As you read the site faithfully, day after day, week after week, no doubt the unfo
rtunate majority of you languor impotently in the infinite blackness of your own allegorical musical caves, with nigh but the shadows cast from the glow of your monitor to signal the form of anything substantive.
You wonder, tearing out your hair, how can I attain such understanding? Such knowledge? Such unerring insight? In short, you can’t.
However, that doesn’t excuse my obligation to at least try to pull you from the fetid bog of Top 40 pop music, and so I’ve prepared a few tips for developing your own brand of close listening.
Develop a first-listen ritual. The impression that you get from an album the first time you listen to it, for obvious reasons, heavily affects the probability of future listens, and hence the depth you can plumb it. More challenging albums are likely to be eschewed in favor of traditional radio fodder based off of helter skelter track skipping and
attention gaps, and let’s face it, if that’s what you want, there are better ways to spend your time.
So the idea, then is to have an organized and consistent way of listening to an album that allows the album to, so to speak, “make its case,” while being certain you experience it in a cohesive manner. Only after a thorough initial listen (though there are exceptions) can you adequately determine whether or not you’re willing to spend more time exploring it.
For example, I personally listen to an album exactly as it was laid by the engineers, starting with the first and ending with the last. I feel that this gives me the most accurate impression intended by the artists, and has the added benefit of being simple and automatic.
Contrarily, my brother begins by listening to the song that initially attracted him the most to the album as a means to “remember” why he was interested at all. From that point he listens to the remainder of the album, and then goes back to listen to the early songs he missed. This is useful in that you immediately begin with a good impression, and it’s not necessarily complicated either.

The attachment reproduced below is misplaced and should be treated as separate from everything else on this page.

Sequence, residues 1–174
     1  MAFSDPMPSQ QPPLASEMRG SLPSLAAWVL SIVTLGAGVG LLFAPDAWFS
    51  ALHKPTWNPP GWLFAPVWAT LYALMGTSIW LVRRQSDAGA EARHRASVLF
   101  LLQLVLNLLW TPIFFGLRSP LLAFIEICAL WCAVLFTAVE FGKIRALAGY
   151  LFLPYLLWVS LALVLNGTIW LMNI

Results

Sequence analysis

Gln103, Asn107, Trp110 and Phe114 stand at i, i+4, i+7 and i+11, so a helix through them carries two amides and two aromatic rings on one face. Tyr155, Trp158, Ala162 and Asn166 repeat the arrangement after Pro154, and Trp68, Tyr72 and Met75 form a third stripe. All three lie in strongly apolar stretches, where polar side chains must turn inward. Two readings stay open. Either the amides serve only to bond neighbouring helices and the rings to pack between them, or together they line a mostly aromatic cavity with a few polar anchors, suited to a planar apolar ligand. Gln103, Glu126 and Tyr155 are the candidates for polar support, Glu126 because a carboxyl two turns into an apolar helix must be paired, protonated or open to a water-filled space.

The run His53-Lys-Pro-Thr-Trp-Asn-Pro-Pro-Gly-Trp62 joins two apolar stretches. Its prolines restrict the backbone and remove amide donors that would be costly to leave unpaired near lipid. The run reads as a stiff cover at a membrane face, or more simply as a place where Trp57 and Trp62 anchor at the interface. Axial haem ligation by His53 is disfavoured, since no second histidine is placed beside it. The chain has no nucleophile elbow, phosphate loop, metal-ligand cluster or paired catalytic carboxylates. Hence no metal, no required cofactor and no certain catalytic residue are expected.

Pay attention. I’m not kidding. At first you may think that oh, he’s just being obscenely pretentious, but consider: we listen to music while we work, while we eat, while driving, even sleeping. I know that when I’m driving, the music that I’m listening to is a distant tertiary priority as I attempt to navigate amid the SUVs and minivans barreling down the highway, feeling a bit like Simba during that all too tragic stampede.
The reality is that enjoying music has ceased to become a meaningful primary activity. So make sure you’re really willing to listen to the music if you want to get something out of it. Whether that’s lying in your bed listening to headphones (but awake!) or sitting on your floor blaring it over the sound system, pay attention.
Read lyrics, if available. This is very helpful for two major reasons. The first is as an addendum to the previous point; reading along with the lyrics in your liner notes or from a website is a convenient means of focusing your attention on the task at hand.